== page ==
Friday, June 24, 2011

Poetry Friday: All Things Shift in the Body of Nature and the Mind of Man


I've just finished writing up notes for my lecture at this summer's residency at the Vermont College of Fine Arts. The lecture is all about riddles, metaphorical thinking, ambiguity, living with uncertainty, the Japanese concept of "satori," zen koans - well, it goes on and on, and my next job is to cut it down to a reasonable size.  But to finish up my series of posts about riddles here at the Drift Record, I'll share one last bunch of my favorites. These are not the "punning riddles" of most joke books, though there's a lot of fun to be found in those. Puns remind us us of the flexibility and strangeness of language. But there are other riddles - "literary riddles" they are sometimes called -- found in all cultures, across geographical boundaries and language groups and centuries and levels of sophistication, and those are the riddles that make me feel the momentary "hesitation" than I like so much - the riddles which illuminate this line from Craig Williamson's wonderful book, A Feast of Creatures:

All things shift in the body of nature and the mind of man. But the flow, 
the form and movement, remains. As the mind shifts, it shapes meaning. 
When is an iceberg a witch-warrior? When it curses and slaughters ships.

With those words in mind, here are six final riddles. Answers are at the end of this post.

A blue calabash
sprinkled 
with toasted kernels of corn.

Aztec riddle, first recorded 
by Bernardino de Sahagun in the 16th century, anthologized in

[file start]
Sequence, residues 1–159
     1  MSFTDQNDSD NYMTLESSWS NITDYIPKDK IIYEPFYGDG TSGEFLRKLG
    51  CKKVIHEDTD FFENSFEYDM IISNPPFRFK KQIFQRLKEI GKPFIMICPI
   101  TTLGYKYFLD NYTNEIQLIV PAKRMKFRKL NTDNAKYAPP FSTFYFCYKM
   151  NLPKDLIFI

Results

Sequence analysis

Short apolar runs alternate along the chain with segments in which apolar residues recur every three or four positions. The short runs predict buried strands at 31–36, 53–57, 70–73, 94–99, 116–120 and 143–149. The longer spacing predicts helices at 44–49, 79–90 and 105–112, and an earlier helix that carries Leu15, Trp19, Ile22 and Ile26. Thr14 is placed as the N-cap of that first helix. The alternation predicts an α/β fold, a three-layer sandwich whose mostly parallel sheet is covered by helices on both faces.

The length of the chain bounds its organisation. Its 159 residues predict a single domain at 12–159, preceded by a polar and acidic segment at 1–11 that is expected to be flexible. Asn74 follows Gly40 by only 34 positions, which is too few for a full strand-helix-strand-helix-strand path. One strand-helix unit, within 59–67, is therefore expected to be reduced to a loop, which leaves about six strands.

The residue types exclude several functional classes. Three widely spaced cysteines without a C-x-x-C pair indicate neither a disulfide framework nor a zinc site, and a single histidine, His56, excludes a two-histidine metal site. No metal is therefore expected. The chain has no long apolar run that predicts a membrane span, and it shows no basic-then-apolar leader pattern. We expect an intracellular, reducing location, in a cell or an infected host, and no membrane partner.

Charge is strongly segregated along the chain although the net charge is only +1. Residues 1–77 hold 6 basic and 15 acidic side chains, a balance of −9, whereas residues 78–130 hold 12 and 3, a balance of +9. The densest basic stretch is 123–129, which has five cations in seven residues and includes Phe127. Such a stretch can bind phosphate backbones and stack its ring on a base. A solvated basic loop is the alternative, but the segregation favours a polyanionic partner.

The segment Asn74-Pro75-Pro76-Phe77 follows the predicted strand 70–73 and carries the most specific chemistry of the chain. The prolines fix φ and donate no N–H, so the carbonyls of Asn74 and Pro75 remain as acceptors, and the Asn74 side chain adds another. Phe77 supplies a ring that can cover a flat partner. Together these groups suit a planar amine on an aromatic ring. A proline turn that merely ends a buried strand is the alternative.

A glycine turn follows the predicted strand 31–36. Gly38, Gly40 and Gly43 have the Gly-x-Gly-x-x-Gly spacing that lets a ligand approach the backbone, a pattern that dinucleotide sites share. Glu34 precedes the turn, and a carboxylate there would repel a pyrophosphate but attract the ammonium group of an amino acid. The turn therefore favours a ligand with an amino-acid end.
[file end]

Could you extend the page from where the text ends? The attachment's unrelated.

Touching the Distance: Native American Riddle Poems by Brian Swann



Voiceless it cries,
Wingless flutters, 
Toothless bites, 
Mouthless mutters. 

 (from J.R.R. Tolkein's The Hobbit)


In marble walls as white as milk,
Lined with a skin as soft as silk,
Within a fountain crystal clear,
A golden apple doth appear.
No doors there are to this stronghold,
Yet thieves break in and steal the gold.

(traditional riddle from The Real Mother Goose)  


Sliver of moon, 
slice of star.
Rhinestone in
 a jelly jar. 

(from Rebecca Kai Dotlich's Lemonade Sun and Other Summer Poems)



She sweeps with many-colored Brooms—
And leaves the Shreds behind –
Oh, Housewife in the Evening West –
Come back, and dust the Pond. 

(from a poem by Emily Dickinson - not written as a riddle; still, a riddle.) 


Who am I 
that when I fall
I make no noise? 

(traditional riddle from the Democratic Republic of the Congo)

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Today's Poetry Friday Round-up is over at Carol's Corner. Head there to see what other people have posted.

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Answers to the riddles: stars in the night sky, the wind, an egg, a firefly, a sunset, the night.

8 comments:

Robyn Hood Black said...

These are all delicious. Thanks for sharing, and I wish I could attend your lecture!

Carol-Ann Hoyte said...

Hello Julie:

Thanks a bunch for these! Riddle poems are among my favourite types of poems.

I look forward to seeing you again at the VCFA Special Event Day next month.

Regards,
Carol-Ann Hoyte

KateCoombs said...

Wonderful riddle poems--thank you!

Mary Lee said...

Fun! I got more of them this week than before. I'm learning to let my brain look at them slantwise.

I have "rhinestones in a jelly jar" at A Year of Reading for PF this week!!! :-)

Carol said...

I think these would be a fabulous children's book. Is that happening?

Julie Larios said...

I have a riddle collection in the works!

david elzey said...

somewhere i could have sworn i had a collection of riddle poems from, like, the 19th century.

*frantically ignores writing to rummage through the basement boxes...*

Heidi Mordhorst said...

Hi, Julie--(late to the party as usual)

Enjoyed these (got them all except the egg, which is the one I should have heard before, right?) and also the chance to think about what we're doing with our metaphorical minds when we compose, consider, and solve riddles,the flow and shift of meaning. Thanks!